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ResourcesBlogDry Etching vs. Wet Etching - Differences and Applications
An anisotropic etched electronic circuit. Credit: photowind/Shutterstock

Dry Etching vs. Wet Etching - Differences and Applications

Explore the differences and applications of dry etching and wet etching

Catalin-Daniel Neagu
By Catalin-Daniel Neagu
 10 min read
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The debate between dry etching vs wet etching is one of the first things microelectronic manufacturers have to settle at the start of their project. Many considerations have to be taken into account to decide which type of etchants should be used on a wafer to create an electronic chip, be it liquid (wet etching) or gaseous (dry etching).

This article will go into depth on what the dry and wet etching processes are, their applications, and the various methods involved in those processes. We will also clarify what the differences between the two are and what factors to consider when considering which one to use. If you'd like to learn more about other types of part markings, you can also visit our guide on direct part marking.

Etching Definition

Etching is a manufacturing technique used to remove layers or slices of a material or part, including semiconductors, dielectrics, polymers, and metals. It can employ chemical corrosion, electrochemical electrolysis, or even mechanical polishing arts.

As such, different types of etching processes can be used, depending on the desired manufacturing outcome. The procedure for different applications can vary greatly in terms of etching chemicals, the temperature used in the process, and exposure time.

There is also the matter of safety, as condensation of the wet etching chemicals can become a serious issue if not adequately addressed. It’s also important for the manufacturer to take proper care around the cleaning solvents used after liquid immersion or vapor.


Etching Considerations and Performance Parameters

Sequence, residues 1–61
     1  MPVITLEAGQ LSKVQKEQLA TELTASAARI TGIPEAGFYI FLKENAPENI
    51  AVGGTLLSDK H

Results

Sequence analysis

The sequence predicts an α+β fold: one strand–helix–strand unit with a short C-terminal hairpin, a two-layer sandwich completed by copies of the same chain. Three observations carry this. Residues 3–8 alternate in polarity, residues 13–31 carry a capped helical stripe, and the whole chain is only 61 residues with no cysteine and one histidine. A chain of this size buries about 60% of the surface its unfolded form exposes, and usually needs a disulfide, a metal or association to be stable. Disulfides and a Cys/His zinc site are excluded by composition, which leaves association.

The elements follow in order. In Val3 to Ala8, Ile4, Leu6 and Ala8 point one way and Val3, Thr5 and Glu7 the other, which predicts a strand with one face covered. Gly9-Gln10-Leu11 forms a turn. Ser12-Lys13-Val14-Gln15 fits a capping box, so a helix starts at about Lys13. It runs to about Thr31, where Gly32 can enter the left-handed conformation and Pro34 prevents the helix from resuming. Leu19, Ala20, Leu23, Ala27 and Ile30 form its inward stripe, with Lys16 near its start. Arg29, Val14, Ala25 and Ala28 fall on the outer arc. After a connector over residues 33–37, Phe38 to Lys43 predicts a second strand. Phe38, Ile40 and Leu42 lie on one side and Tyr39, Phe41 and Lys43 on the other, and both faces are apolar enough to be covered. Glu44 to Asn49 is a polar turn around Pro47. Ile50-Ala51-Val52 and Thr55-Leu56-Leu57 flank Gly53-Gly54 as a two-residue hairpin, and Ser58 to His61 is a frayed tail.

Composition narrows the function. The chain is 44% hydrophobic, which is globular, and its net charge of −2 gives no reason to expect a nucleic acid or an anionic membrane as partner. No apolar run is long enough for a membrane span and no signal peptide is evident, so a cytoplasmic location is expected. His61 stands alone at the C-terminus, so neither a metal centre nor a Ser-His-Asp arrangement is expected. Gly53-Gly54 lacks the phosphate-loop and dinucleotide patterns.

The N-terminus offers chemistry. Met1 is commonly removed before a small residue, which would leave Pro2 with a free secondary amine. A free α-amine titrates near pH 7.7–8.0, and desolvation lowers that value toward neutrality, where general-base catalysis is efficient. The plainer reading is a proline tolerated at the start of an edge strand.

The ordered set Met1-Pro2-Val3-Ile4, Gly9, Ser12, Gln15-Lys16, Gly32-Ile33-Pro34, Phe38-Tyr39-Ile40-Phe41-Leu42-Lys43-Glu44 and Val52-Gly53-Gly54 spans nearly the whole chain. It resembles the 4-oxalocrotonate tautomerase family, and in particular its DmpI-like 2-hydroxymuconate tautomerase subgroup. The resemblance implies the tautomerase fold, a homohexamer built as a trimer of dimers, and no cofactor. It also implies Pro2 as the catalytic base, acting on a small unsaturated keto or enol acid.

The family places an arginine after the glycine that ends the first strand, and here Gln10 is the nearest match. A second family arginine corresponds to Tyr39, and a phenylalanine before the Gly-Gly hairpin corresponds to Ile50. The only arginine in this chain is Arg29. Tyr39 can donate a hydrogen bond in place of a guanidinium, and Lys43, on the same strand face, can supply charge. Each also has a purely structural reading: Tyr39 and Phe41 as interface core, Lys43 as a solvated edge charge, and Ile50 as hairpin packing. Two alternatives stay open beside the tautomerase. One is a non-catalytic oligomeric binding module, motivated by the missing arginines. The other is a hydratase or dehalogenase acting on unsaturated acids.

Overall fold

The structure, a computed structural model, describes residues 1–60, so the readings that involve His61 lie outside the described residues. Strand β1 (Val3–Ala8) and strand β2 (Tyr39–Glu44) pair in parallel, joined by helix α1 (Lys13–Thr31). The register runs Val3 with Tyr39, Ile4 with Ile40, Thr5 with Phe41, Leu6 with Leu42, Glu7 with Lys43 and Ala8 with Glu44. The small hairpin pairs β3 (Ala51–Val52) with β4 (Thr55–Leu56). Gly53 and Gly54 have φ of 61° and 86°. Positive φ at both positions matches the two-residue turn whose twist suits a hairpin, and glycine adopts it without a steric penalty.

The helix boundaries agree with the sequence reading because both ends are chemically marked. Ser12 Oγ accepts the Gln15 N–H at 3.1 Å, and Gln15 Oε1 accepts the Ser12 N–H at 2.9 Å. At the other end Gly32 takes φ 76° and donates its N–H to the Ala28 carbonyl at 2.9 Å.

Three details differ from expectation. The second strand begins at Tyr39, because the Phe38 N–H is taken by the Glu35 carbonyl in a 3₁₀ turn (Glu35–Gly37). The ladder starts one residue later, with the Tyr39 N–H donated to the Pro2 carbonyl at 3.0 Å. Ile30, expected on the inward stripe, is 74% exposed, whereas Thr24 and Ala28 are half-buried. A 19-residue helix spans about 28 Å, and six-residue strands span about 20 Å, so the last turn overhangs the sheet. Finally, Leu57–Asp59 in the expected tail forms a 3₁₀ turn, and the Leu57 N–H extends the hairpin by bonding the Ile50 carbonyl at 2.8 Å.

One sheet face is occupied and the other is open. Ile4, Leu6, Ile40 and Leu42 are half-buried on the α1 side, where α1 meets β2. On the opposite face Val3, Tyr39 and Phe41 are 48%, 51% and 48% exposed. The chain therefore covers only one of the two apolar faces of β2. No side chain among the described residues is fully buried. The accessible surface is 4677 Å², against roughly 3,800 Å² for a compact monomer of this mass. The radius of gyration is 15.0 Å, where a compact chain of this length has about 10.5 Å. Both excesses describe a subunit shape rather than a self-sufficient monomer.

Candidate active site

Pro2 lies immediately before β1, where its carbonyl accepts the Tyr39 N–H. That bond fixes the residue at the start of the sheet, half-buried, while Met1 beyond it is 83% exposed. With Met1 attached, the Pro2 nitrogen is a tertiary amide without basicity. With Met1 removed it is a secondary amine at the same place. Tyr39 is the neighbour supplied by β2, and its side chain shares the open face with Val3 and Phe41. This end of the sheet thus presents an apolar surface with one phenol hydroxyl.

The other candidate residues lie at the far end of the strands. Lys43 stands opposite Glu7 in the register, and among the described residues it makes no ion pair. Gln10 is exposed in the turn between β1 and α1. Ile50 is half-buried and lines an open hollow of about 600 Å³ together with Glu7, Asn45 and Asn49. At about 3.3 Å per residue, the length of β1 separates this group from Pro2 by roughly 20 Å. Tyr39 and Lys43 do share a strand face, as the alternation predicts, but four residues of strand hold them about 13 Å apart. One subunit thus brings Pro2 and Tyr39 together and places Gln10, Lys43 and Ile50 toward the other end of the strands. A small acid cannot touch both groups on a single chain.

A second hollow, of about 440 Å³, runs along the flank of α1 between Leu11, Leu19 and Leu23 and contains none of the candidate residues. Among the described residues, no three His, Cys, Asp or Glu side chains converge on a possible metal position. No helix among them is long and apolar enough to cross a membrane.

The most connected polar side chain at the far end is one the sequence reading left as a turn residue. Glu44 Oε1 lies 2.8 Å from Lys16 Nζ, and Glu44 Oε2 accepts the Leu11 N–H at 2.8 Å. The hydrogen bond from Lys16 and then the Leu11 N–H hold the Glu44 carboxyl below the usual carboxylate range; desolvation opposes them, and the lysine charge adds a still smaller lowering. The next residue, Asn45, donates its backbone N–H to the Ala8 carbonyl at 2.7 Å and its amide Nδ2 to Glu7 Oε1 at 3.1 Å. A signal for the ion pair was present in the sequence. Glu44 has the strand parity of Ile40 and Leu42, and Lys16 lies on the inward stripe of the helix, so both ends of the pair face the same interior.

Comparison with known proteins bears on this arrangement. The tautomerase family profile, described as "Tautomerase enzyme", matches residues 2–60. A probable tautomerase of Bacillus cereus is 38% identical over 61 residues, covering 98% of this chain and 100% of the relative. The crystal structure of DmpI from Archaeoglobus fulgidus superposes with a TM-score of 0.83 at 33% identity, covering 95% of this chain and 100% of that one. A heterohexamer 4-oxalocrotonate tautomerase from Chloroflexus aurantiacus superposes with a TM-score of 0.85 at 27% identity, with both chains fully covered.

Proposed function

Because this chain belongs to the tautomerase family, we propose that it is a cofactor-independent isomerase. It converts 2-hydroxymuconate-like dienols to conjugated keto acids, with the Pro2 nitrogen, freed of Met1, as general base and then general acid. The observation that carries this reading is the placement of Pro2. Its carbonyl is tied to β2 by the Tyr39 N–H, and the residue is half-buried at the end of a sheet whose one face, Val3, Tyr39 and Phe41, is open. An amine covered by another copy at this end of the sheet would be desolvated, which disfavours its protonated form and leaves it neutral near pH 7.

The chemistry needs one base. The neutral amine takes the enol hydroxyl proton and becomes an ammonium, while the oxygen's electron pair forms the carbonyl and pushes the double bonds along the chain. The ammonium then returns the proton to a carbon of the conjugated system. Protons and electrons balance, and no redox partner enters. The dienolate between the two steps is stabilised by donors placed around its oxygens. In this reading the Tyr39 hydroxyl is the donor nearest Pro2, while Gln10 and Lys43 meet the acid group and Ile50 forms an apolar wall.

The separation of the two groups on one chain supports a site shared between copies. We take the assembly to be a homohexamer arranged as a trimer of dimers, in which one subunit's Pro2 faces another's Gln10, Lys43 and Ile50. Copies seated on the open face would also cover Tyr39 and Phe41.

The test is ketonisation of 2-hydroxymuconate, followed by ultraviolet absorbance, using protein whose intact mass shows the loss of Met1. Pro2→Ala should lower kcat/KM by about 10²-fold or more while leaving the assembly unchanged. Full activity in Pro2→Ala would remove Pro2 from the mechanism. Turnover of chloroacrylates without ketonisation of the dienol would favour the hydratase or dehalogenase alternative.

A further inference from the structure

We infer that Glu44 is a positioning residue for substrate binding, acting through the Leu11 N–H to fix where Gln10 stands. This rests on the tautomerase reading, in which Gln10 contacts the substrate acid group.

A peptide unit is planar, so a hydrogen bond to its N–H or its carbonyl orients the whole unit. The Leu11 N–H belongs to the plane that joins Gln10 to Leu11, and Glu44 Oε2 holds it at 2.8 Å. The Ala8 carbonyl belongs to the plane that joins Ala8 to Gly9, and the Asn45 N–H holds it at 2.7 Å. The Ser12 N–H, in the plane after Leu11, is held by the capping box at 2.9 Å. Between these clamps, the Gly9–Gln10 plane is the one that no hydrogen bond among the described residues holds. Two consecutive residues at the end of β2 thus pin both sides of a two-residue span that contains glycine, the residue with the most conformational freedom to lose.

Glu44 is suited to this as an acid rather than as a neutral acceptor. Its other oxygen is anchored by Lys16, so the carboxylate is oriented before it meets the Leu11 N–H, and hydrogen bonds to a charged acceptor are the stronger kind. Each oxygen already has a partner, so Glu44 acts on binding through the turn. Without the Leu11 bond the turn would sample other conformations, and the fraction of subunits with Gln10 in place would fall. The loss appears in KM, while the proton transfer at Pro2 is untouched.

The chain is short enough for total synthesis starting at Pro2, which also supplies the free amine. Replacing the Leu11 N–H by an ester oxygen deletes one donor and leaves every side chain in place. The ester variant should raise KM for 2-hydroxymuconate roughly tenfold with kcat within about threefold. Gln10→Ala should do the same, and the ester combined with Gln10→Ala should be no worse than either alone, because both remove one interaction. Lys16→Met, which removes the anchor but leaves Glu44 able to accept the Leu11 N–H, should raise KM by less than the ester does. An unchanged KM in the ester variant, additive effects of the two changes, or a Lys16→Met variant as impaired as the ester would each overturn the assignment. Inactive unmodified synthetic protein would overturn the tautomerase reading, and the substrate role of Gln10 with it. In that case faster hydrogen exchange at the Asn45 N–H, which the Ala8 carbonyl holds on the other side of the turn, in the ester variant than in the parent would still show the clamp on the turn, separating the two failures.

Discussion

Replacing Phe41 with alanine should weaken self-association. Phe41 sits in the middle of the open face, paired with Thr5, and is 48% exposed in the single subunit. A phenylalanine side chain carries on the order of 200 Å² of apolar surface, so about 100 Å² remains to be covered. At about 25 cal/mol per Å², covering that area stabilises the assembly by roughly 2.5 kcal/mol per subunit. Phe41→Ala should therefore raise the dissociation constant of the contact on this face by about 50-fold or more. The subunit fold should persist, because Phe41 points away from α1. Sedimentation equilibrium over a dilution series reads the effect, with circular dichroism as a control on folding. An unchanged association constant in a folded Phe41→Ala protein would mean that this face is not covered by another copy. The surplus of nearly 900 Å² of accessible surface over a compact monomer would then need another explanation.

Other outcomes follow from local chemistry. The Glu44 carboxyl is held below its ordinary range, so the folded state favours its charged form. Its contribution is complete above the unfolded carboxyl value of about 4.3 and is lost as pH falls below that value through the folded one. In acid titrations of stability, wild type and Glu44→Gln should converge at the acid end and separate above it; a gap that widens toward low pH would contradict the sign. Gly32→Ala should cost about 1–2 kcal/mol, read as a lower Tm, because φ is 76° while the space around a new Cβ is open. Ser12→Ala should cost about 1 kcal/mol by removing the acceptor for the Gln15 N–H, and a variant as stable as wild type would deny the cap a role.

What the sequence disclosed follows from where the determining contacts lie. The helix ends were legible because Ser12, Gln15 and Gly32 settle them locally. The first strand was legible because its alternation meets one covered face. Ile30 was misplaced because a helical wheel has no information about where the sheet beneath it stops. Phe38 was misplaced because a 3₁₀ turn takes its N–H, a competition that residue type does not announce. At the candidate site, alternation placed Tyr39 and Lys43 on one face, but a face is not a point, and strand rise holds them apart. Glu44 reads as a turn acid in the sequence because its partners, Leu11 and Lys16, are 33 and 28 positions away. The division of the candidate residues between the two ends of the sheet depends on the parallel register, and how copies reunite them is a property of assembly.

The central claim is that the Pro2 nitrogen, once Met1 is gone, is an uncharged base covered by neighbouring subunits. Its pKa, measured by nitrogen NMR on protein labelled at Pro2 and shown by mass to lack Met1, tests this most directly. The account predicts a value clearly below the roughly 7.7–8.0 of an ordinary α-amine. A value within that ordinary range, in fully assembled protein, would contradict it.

Subjecting a material or part to a liquid or vapor etchant causes complex interactions on a molecular level that have a significant impact on the surface of said part. Regardless of the type of etching we are talking about, an etching treatment can cause one of three outcomes:

  • Isotropic etching: The material is removed uniformly in all directions, creating a semi-circular shape cut out of the material. Since it’s a less accurate form of etching, isotropic processes are usually used for cleaning wafers or substrates of chips.
  • Completely anisotropic etching: The material is removed only vertically, creating a rectangle when viewed from the side.
  • Anisotropic etching: The created shape has a form between the two mentioned above. Anisotropic etching is commonly used to create circuit patterns.

Manufacturers make use of the following performance parameters when determining the best way to etch a part, whether they're using wet or dry etching techniques:

  • Etching rate – the speed at which etching occurs, or the thickness being etched per unit of time. It is usually measured in μm/min or nm/min (micrometers per minute or nanometers per minute).
  • Selectivity – the ratio of two etches rates noted as R1/R2. This is a useful parameter when comparing the etch rate of the etchant and the material. It is vital when defining or choosing the mask for a specific process.
  • Etch uniformity – the etch rate variation throughout one part, multiple parts, or multiple batches of parts. It is defined as the subtraction of the maximum etch rate and the minimum etch rate, over the addition of the two.
  • Anisotropy – defined as the etching directionality, meaning that when A=0, the etching is considered isotropic, and when A=1, the process is completely anisotropic. 

The Wet Etching Process

Wet etching is a technique that uses a liquid solution (usually called an etchant in the liquid phase) to remove layers or portions of a material or part such as a silicon wafer. This process is widely used in semiconductor fabrication in the manufacturing and treatment of wafers. The main advantage of using it is the ability to conduct surface removal on a part-wide scale. Etching intrinsic impurities in the materials (or surface) is especially sought-after and can be provided by etchants in the liquid phase.